After a 16-race win streak and two regional championships, Eric Magnussen has turned his attention from GTS to ST for the 2021 race season.

Racers in GTS3 in NASA’s Northeast region will probably send farewell balloons to Eric Magnussen as he moves into a new class this season. The sentiment is understandable because Magnussen won all the races he entered over the past two seasons. Now Magnussen is taking his 16-race winning streak to ST2 after sitting atop the GTS3 podium in 2019 and 2020. Participation in the Northeast GTS3 class had been waning, in part, because of Magnussen’s dominance.

“I think I might have something to do with that. Nobody likes getting smoked every race,” Magnussen said. “In ST2, a lot of the racers push just as hard as I do, so I think the competition is going to be a lot better and more consistent. I think we’re going to be a really good match for each other.”

Magnussen joined NASA a few years ago after picking up some speeding tickets on the winding roads of the Pocono Mountains. Several friends suggested Magnussen join NASA, and he started doing Time Trial with the NASA Northeast region.

“After a year or two, (NASA officials) said, ‘You should probably go to comp school cause you’re pushing this thing really hard,’” Magnussen said.

Magnussen, a Porsche mechanic who recently opened the race shop Main Line Motorsport, bought his dream racecar, a BMW E46 M3 that he will continue to race in ST2.

Magnussen’s dominance in GTS3 was even more impressive because of his limited racing budget. To conserve tires, Magnussen limits testing at tracks he knows such as New Jersey Motorsports Park, opting for what he calls “supersized Time Trial.” Magnussen relies heavily on NASA’s contingency program to defray racing costs, so it’s one of the reasons he pushes himself to finish first in qualifying and races.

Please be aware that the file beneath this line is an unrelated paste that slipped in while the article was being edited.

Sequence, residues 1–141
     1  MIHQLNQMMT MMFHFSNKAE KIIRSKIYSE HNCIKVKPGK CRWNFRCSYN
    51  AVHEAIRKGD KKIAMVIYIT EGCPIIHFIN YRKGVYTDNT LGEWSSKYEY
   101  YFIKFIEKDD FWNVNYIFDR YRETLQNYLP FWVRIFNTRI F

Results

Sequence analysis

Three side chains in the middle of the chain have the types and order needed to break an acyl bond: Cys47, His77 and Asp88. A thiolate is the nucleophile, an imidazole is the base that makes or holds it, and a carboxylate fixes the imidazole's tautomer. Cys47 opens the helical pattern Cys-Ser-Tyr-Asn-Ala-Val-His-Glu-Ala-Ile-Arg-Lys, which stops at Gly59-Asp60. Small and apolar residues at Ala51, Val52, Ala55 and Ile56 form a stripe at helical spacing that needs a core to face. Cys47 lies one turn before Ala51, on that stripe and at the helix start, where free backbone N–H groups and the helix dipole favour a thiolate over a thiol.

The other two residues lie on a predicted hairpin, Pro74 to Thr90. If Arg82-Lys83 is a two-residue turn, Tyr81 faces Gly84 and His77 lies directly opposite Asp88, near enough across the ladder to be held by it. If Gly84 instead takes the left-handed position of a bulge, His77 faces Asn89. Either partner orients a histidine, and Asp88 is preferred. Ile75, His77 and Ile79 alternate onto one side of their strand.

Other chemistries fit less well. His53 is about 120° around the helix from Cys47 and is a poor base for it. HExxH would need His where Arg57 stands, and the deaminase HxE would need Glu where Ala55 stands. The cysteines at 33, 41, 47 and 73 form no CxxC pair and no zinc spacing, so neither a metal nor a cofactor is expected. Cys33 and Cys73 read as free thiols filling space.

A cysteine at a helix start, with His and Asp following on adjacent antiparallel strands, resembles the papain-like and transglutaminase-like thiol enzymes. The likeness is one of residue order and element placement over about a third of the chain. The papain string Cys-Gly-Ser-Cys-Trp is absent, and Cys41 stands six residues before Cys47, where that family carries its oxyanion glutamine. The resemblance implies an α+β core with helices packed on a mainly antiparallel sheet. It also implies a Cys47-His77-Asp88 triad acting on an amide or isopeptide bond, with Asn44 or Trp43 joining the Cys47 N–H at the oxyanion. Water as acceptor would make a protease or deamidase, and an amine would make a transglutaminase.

Ultimately, the 31-year-old credits his racing success to showing up at the track with a fully prepared car.

“There’s been many times where I’ve been in the shop or in my garage until 1, 2 in the morning and pulling into the track at 3 in the morning, and sleep for a couple hours,” he said. “But when I wake up, I know everything’s good to go. I really don’t like not being prepared, and I’ve never really put myself in that position.”

Now that Magnussen is changing classes, he’s prepared to share his secrets for success. One of those benefactors is Sam Hole, who completed his first full season in GTS2 last year, turning to Main Line Motorsport to make him a better racer.

“(My old shop) was super focused on BMW club racing and didn’t really seem all that interested in helping me develop my car, whereas with Eric, he was, ‘All right, let’s do this, this and this and we can work your way up with the car as you grow as a driver,’” Hole said. “He was really interested in helping me develop my car and my driving skills at the same time to be the best GTS2 competitor possible.”

Hole describes Magnussen as intense at the track because he is focused on racing and winning, but willing to help a fellow competitor, “because he’s such a great mechanic that he’ll drop everything and help a competitor fix their car,” Hole said.

Magnussen acknowledges he’s had to dial back the intensity after an incident at the 2019 NASA Championships at Mid-Ohio Sports Car Course.

“I had a little bit of contact and it was totally my fault just being way too aggressive on the first lap. I actually tried passing a GTS4 car, and we had some contact there and I felt really bad,” Magnussen said. “Since then, I’ve really been focusing on not only just following the rules, but also knowing every other driver, what they’re going to do, the likelihood that they see me or not. That’s a level of maturity that really takes race seat time to develop.”